Frank Wilson called leaving LSU an “emotional time,” but said his players supported the Tigers’ former recruiting coordinator and running backs coach in his venture to a head coach.
“They were super excited for me,” he said during his introductory news conference Friday. “Tears of joy.”
University of Texas-San Antonio introduced Wilson as its new coach on Friday evening with a news conference broadcast live on the school’s website.
During the 30-minute event, Wilson said he learned plenty from coach Les Miles in his six years in Baton Rouge, discussed his recruiting “process,” and called the opportunity to be a head coach too big to pass up.
Wilson said his now-former LSU players are “near and dear to me.”
“My family is eager and excited to be here and call San Antonio home,” he said. “It’s been a long, long time since we started this since I was a high school football coach. My family and I prayed, cried every moment of it.
“It’s the biggest moment of our life. Birds up!” Wilson finished, flashing the Roadrunners’ hand signal.
LSU acknowledged the departure of Wilson on Friday morning, and coach Les Miles, in a statement, says the school will miss the hotshot recruiting guru who helped deliver five top-10 class in six years in Baton Rouge.
“It stands to reason that with the success that we have had here at LSU, our coaches are going to get these types of opportunities,” Miles said in the statement. “Frank has been a big part of what we’ve accomplished at LSU both on and off the field. He’s ready to be a head coach. He’s worked long and hard for this opportunity and I couldn’t be happier for Frank and his family. He’s going to do a great job at Texas-San Antonio. We are going to miss him.”
Wilson and the Roadrunners came to a deal Thursday night for him to leave the Tigers for the Conference USA program. A San Antonio television station reported that Wilson would make $750,000 a year – a $75,000 bump from his current salary at LSU.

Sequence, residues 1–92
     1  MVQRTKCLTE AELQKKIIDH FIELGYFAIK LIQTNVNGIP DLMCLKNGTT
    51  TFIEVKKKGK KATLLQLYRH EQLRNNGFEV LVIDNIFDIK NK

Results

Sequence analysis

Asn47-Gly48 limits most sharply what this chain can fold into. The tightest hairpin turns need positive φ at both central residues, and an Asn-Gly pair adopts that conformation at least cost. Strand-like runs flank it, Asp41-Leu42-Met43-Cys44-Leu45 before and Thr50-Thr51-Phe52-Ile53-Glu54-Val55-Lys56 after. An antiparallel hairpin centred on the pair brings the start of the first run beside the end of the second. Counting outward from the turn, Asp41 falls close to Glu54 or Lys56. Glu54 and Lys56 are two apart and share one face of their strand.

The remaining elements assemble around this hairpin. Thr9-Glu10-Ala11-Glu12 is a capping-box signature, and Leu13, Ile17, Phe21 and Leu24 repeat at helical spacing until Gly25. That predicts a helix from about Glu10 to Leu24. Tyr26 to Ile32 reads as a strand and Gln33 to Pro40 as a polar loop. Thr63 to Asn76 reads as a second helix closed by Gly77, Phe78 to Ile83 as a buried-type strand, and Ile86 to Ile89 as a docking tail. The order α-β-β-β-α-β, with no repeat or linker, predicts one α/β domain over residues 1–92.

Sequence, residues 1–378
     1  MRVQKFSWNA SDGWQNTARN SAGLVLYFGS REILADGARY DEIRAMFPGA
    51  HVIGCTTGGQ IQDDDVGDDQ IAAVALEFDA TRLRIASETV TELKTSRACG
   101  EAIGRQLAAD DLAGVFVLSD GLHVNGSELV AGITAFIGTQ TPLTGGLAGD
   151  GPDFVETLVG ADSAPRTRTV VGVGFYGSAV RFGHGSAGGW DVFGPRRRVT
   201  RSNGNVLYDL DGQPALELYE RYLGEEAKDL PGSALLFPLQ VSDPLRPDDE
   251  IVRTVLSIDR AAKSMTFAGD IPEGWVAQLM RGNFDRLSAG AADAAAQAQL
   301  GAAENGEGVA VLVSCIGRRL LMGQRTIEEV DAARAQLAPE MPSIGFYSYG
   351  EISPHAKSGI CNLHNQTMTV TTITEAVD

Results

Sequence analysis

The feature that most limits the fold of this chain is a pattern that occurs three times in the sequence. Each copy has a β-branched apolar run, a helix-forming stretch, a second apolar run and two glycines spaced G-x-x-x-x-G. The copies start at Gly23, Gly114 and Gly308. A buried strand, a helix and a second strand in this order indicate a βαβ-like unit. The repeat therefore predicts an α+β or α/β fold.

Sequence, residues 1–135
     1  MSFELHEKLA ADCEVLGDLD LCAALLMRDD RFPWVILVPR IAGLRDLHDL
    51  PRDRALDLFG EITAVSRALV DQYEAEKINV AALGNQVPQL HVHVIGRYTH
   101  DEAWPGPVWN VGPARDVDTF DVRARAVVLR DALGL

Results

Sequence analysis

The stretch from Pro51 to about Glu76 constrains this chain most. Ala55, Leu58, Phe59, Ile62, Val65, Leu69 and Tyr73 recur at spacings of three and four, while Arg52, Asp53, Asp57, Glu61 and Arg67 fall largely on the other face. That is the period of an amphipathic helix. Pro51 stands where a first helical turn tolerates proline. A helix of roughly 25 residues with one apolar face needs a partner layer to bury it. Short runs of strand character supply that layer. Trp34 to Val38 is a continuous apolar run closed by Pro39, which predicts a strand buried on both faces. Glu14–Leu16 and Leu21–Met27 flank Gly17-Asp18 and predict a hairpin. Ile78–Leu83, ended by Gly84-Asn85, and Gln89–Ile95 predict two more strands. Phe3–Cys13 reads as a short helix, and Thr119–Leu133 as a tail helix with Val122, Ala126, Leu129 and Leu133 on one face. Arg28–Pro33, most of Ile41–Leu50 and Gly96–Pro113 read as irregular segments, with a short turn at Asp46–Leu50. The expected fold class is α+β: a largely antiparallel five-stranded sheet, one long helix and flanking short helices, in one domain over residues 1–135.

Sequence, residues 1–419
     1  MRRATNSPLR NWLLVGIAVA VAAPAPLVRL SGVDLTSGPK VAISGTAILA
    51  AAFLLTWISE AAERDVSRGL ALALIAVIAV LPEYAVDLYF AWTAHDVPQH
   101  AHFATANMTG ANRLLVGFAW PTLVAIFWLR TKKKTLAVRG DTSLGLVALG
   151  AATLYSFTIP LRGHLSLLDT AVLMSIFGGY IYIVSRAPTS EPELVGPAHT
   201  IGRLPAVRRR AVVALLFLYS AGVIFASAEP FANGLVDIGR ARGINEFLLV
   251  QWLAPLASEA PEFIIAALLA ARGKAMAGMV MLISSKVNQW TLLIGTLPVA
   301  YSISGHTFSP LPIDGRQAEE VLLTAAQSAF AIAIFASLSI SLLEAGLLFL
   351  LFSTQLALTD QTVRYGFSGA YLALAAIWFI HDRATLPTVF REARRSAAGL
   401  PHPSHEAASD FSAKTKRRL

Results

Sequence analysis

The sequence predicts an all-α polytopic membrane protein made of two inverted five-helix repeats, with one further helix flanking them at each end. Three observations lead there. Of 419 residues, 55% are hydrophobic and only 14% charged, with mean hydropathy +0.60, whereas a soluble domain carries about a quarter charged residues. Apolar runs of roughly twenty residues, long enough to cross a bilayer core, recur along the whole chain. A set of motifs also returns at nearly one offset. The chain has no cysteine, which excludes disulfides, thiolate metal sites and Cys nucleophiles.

Wilson said he has no immediate plans to return to Baton Rouge. He packed four luggage cases of clothes to last him for weeks. His family will return to Baton Rouge soon to ready for the move to San Antonio.
National signing day is just 20 days away, Wilson noted. He’ll begin recruiting and assembling a coaching staff immediately, building back up a slipping program as Miles and Co. did when Wilson arrived at LSU after the 2009 season.
“I tell you… the year I got there they had not come off a great season and learned a lot of things from Les Miles and that program on how to do these the right way. How to take your time and assess things and look at the long-term view and to rebuild it yet again from the bottom up.”
UTSA didn’t wait long to tout Wilson around San Antonio.
Wilson, a 42-year old from New Orleans, has spent six years in Baton Rouge as a key member to Miles’ coaching staff.
He’s known as one of the nation’s best recruiters. Five of the Tigers’ previous six signing classes under Wilson have been ranked in the top 10 by both Scout.com and Rivals.com. And the current one is No. 1 in the nation in three of the four major recruiting outlets.
Wilson never hid his desired recently to become a head coach. He was a finalist for the head job at Troy last season.
Wilson was the highest-paid position assistant at LSU, making $675,00 a year. He has a contract that expires on March 31, 2018 – the longest of any position assistant.
LSU is waiving Wilson’s buyout, as it normally does with assistants who leave to become head coaches, athletic director Joe Alleva said. Wilson’s buyout was about $330,000 – or 25 percent of the remaining salary on his contract.
He’s the third LSU assistant in the mix for another gig this off-season. Defensive coordinator Kevin Steele left for Auburn, and defensive line coach Ed Orgeron and Mississippi State were in, at least, brief discussions about the Bulldogs’ defensive coordinator opening.
Orgeron, an aggressive recruiter who joined the staff last year, seems to be a natural fit to take over the recruiting part of Wilson’s job. The Louisiana native has served as recruiting coordinator at Tennessee and two stints at Southern Cal.
But who would coach running backs?
Potential candidates could include current North Carolina running backs coach Larry Porter, who spent 2005-09 coaching running backs at LSU and had a brief stint as the head coach at Memphis; Alabama running backs coach Burton Burns, a New Orleans native; Texas Tech running backs coach Jabbar Juluke, a Southern University graduate and former Louisiana Tech assistant; and Josh Henson, the former Missouri offensive coordinator who worked with Miles at Oklahoma State and LSU.
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